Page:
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Authors’ response to Metzdorf et al
  1. Christine R Jenkins1,
  2. Richard Beasley2
  1. 1 The George Institute for Global Health, Sydney, Australia
  2. 2 Medical Research Institute of New Zealand, Wellington, New Zealand
  1. Correspondence to Dr Christine R Jenkins, The George Institute for Global Health, PO Box M201, Missenden Rd, Camperdown, NSW 2050, Australia; christine.jenkins{at}

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We appreciate the contribution to this discussion from Metzdorf et al 1, and the efforts made by the company to assess the safety of the Handihaler and Respimat through pooling datasets from randomised controlled trials. We would like reassurance that the pooled analysis of the three 1-year and one 6-month placebo-controlled trials with Spiriva Respimat detailed on the product information website was based on an intention to treat analysis, and involved no reclassification of deaths. This analysis provides essential information for prescribers and should be published. We agree that patient-level data are preferable to pooled population data, but the value of such an analysis is reduced if undertaken on a modified dataset. To date we consider the pharmacokinetic data regarding the comparative safety of tiotropium delivered by Respimat compared with the Handihaler is inconclusive and more work is needed. Based on the different deposition, absorption and physical properties of solutions and dry powders, we do not believe that a difference in systemic absorption and cardiovascular risk between these two would be implausible.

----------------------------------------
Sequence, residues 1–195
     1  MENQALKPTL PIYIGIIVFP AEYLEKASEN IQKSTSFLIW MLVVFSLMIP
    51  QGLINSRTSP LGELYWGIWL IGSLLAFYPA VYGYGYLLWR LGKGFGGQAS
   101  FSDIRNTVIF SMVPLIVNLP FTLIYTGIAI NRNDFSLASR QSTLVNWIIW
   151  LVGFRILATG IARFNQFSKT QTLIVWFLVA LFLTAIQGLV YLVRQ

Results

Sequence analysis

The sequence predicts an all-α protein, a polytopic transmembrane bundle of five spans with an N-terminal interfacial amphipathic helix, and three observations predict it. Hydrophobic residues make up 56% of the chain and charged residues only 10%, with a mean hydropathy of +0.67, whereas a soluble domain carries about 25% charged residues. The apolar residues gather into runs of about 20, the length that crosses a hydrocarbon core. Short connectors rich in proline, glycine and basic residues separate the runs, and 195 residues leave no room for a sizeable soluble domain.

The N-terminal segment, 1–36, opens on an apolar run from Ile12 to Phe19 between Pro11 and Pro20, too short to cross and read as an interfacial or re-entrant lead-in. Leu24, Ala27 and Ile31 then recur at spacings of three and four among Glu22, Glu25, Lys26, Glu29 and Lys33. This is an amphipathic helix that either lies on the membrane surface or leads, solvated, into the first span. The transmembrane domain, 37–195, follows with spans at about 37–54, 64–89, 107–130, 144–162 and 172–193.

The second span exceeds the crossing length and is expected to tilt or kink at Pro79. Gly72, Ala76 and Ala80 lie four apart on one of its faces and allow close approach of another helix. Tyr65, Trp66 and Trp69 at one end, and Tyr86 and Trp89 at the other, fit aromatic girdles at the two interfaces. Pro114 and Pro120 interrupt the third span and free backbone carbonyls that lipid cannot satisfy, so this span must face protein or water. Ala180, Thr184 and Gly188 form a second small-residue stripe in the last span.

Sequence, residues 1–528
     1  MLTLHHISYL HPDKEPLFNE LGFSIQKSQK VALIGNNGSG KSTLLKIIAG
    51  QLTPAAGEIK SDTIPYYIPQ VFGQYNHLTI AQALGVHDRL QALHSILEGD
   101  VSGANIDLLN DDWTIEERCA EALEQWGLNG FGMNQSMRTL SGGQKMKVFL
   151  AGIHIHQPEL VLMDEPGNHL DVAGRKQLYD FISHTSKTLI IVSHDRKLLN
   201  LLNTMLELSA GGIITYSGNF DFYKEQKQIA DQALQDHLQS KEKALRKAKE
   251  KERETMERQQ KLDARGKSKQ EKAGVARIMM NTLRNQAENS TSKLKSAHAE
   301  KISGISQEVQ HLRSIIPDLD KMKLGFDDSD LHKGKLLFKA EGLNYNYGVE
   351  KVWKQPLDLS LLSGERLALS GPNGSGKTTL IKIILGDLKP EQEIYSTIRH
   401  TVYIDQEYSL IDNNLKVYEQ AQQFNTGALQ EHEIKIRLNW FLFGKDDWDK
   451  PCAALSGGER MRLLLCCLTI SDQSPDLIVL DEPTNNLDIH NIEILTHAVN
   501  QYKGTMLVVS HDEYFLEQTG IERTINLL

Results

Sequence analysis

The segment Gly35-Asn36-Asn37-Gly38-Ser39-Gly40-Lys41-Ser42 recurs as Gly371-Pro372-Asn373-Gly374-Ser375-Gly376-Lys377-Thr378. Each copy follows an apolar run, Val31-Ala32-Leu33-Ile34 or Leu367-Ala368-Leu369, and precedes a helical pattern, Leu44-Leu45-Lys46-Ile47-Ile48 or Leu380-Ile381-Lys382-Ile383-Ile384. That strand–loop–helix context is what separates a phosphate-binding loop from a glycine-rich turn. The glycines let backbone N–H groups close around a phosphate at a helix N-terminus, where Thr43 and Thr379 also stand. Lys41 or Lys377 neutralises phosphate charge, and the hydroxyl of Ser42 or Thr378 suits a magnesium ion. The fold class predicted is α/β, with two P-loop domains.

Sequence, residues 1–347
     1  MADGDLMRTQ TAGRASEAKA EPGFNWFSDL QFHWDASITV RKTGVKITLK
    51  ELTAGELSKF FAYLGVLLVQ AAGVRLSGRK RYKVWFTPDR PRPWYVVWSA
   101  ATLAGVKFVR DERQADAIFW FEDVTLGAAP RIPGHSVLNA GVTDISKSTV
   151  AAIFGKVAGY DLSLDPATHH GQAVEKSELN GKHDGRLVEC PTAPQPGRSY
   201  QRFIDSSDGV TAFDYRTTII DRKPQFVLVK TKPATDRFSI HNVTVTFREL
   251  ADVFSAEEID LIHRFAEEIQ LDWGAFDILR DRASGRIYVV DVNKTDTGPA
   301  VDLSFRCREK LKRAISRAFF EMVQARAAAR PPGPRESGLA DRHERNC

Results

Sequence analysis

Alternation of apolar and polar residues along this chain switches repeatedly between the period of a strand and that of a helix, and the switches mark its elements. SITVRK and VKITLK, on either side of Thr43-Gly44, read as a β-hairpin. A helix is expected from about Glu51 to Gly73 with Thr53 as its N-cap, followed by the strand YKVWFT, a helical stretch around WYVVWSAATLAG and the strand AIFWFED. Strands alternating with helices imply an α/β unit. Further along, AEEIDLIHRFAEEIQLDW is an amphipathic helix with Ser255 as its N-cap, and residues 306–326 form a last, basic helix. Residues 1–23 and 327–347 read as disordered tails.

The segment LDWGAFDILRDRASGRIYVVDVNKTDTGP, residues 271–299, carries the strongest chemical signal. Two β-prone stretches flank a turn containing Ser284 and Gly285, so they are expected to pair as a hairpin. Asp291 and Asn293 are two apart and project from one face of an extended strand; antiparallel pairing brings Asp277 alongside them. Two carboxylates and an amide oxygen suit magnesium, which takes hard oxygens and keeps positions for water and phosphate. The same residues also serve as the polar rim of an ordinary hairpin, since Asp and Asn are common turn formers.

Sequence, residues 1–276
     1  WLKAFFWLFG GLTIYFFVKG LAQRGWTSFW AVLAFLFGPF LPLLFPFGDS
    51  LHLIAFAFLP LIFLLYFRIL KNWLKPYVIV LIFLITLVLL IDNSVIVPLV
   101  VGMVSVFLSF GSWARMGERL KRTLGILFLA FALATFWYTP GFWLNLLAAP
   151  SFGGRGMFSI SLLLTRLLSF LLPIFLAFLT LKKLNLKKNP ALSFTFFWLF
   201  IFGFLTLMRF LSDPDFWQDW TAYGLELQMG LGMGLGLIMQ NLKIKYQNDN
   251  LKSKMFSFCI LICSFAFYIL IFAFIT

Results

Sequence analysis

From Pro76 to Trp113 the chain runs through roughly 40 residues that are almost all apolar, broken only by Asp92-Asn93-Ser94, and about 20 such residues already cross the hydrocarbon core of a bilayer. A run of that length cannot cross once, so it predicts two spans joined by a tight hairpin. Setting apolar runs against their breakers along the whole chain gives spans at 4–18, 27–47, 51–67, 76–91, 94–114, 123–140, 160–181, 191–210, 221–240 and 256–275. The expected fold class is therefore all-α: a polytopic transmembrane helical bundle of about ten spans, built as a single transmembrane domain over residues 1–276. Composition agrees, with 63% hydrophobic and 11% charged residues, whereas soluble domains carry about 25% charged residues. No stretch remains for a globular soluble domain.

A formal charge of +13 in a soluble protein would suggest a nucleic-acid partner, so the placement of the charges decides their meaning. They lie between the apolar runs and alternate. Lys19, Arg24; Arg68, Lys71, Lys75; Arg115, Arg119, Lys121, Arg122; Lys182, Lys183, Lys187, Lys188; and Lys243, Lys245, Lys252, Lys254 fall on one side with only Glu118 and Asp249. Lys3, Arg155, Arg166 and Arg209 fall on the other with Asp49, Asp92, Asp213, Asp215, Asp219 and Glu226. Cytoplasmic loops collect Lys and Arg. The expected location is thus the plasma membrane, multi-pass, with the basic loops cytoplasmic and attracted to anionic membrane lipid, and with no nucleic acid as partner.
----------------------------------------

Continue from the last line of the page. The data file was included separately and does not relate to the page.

We are not convinced by their interpretation of the 2010 abstract that patients enrolled in the tiotropium trial programme have a comorbidity profile comparable with the general chronic obstructive pulmonary disease (COPD) population, as there are insufficient details provided regarding diagnostic definitions used and no data is presented on the proportion of patients with rhythm disorders. Furthermore, comparison is required with a COPD population of similar severity to that enrolled in the tiotropium clinical trial programme. It is evident that the exclusion of patients with moderate to severe renal impairment, or a recent myocardial infarction, heart failure or rhythm disorder, results in findings that are poorly generalisable to patients with severe COPD. As a result it would be prudent to recommend that tiotropium Handihaler should only be prescribed to the subgroups of patients in whom tiotropium Handihaler has been shown to have a favourable efficacy/safety profile, that is, to COPD patients without a recent cardiovascular event or renal comorbidity.



  • Competing interests None.

  • Provenance and peer review Not commissioned; internally peer reviewed.

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